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Seaweed thatch roofs

 
pollinator
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Eelgrass becomes fully waterproof after about a year and has insulation properties comparable to those of mineral wool, a dense, fibrous material made from molten glass, stone or industrial waste. A roof can last hundreds of years – one of island’s remaining seaweed roofs dates more than 300 years – for comparison, a concrete tile roof typically lasts around 50./quote]

http://www.bbc.com/travel/story/20200805-denmarks-300-year-old-homes-of-the-future?referer=https%3A%2F%2Fwww.bbc.com%2F

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Wow - thanks for posting this link! As someone who lives near an ocean, and who knows there are local organizations trying to rehabilitate our eelgrass "meadows" because they're important fish habitat, it's great to be aware of potentially sustainable traditional uses.

The lack of sustainability in "modern roofing" techniques bugs me a lot - lot's of embodied energy and toxins that often last less than 25 years. The article says that "one roof is over 300 years old", but it would be interesting to know what a typical lifespan would be. The fact that it is both breathable and good insulation is intriguing.

This line worried me a little:

"But, after a fungal disease wiped out much of the eelgrass in the 1920s, knowledge of the technique slowly vanished."

Does anyone know if this is a world-wide fungal disease and whether or not the eelgrass has overcome this problem?
 
Chris Sturgeon
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I don't know about the fungal infection they referenced. I'll have to do some looking up.
I do know that when we killed all the sea otters on the West coast of BC in the early 1900's (for their soft double insulated furs) the sea weed beds were nearly destroyed  by the sea urchins who used to be kept in check by predation.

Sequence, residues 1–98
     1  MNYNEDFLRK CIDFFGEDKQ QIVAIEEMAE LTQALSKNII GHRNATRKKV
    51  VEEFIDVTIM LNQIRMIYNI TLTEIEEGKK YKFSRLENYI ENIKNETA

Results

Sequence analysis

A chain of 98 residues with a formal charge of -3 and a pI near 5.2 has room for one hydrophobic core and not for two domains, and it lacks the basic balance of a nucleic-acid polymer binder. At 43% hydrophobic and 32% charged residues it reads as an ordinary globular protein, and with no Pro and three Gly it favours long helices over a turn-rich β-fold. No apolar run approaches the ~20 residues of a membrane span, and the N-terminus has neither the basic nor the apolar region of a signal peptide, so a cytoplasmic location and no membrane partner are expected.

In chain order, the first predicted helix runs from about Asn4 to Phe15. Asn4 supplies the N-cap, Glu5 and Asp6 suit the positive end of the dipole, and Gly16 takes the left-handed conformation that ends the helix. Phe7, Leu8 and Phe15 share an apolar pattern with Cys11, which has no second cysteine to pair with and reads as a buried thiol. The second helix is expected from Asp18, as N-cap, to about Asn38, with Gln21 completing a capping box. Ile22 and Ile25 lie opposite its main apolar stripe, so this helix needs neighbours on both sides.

These beds were where rock cod, juvenile salmon and other keystone species thrived.

Now that some otters have reestablished on Northern Vancouver Island (shipped south from Alaska in the 80's) some kelp beds are back, but local shellfish populations are down.

What does this have to do with eelgrass? I don't know, other than the fact that humans are very bad at understanding complex biomes.
 
Chris Sturgeon
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Does anyone know if this is a world-wide fungal disease and whether or not the eelgrass has overcome this problem?



Here's an abstract I found from a 1990's study:

ABSTRACT
Wasting disease of the 1930's
An attempt was made to correlate wasting disease of the 1930's with factors such as seawater temperature, salinity
and sunshine, in order to establish a possible link with mechanisms behind climatic cycles, such as the sunspot
cycle, and the related Russell cycle.
Europe. Salinity and seawater temperature fluctuations could not have contributed significantly to eelgrass stress,
but there is a good correlation with reduced sunshine and raised turbidity levels. This correlation was verified with
an existing computor simulation model for eelgrass growtb. In the Netherlands, the response of eelgrass to adverse
light conditions was probably much enhanced by the activities associated with the closure of the Zuyder Sea in
1932.
USA. Salinilies and temperatures were above average, but ccrtainty not uniquely or dramaticaüy so, while sunshine
was well above average. No possible causal link could be established between climatic factors and wasting disease
inidation. This lends support (o the suggestion by Short et al (1987) that the wasting disease epidemie was perhaps
caused by the emergence of a pathogenic strain oi Labyrinthula.



The link: Wasting-disease-and-present-eelgrass-condition
 
pollinator
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Location: Massachusetts, 6b, suburban, nearish coast, 50x50, full sun, 40" year-round even distribution
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Bump.  Mollison says there's enough eelgrass to insulate everyone.  In the pamphlets.  Maybe they're more prevalent in the southern hemisphere?
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